Comb Out the Condenser Fins
The condenser fins are thin metal grills located on the outside of your air conditioning unit. Its main purpose is to assist in heat dispersion outside of your home. Since they are outside and exposed to the elements, the fins can get bent and damaged. This results in restricted airflow. Buy a fin comb, also referred to as a coil fin tool, to straighten out the bent fins. To avoid bending the fins in the future, avoid pressure washing the external portion of your AC when cleaning it.
Upgrade to a Programmable Thermostat
Programmable thermostats are a great way to lower your energy costs each month while using an air conditioner. It automatically shuts the AC off when the predetermined indoor temperature target is reached. Picking the right programmable thermostat involves several factors, including budget, voltage requirement, and the type of HVAC system you have. You should also consider what user interface works best and what type of mounting system suits your current setup.
Clear Out Your Yard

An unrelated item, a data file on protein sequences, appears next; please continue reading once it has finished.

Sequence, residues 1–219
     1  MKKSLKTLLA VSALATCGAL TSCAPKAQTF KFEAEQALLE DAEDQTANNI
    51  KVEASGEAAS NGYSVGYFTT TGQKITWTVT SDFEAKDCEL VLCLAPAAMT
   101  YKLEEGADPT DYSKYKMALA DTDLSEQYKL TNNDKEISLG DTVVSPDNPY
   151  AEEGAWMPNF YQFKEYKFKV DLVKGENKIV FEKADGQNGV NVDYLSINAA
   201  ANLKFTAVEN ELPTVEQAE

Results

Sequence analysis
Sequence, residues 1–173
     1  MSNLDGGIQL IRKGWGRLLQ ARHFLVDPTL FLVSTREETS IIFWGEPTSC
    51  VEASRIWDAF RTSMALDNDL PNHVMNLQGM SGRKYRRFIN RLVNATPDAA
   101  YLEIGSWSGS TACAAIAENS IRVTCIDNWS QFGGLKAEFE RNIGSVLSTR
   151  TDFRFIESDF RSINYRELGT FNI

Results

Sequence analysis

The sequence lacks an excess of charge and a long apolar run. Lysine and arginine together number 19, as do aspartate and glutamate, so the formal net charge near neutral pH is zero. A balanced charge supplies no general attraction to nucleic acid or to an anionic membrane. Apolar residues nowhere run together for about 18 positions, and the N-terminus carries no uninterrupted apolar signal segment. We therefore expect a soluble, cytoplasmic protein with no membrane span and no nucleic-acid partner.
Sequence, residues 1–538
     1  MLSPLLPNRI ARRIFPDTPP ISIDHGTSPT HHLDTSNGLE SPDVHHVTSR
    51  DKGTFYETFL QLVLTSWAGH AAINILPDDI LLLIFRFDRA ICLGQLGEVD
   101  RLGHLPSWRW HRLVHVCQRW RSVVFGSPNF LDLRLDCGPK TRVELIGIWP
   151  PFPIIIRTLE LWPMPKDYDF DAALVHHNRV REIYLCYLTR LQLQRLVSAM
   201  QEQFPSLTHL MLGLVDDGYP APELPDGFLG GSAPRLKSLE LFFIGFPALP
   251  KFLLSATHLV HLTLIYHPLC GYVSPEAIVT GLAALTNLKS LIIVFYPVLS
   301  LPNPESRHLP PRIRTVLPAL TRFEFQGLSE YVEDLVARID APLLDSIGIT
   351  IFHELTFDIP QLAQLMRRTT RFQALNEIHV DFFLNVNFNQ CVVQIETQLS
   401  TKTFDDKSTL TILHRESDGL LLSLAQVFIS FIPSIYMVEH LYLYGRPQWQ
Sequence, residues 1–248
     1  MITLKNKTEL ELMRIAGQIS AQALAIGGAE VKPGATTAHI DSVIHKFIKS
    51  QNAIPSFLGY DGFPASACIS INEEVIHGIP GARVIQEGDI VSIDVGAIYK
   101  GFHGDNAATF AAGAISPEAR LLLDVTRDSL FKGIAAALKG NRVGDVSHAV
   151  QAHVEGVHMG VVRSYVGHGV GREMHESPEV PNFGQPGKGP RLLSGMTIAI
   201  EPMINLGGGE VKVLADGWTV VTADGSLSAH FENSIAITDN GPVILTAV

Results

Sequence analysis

Or, more specifically, the area where your condenser unit is. Make sure there isn’t a pile of leaves or twigs or cinder blocks blocking air from being pulled in by the condenser unit. Leave at least two feet of space in any direction between objects and the condenser unit. If you find any debris, scoop or vacuum them out of the way.
Before doing any preliminary spot checks of your air conditioner, be sure that it’s cut off from its power supply. Turn the thermostat off as well as the circuit breaker where it’s connected to. You can find your circuit breaker either in your basement, closet, crawlspace, or the sidewall of your laundry area. Regardless, do not start working on your AC until it’s completely shut off. This not only ensures your personal safety but also minimizes the risk of damaging the AC’s moving parts.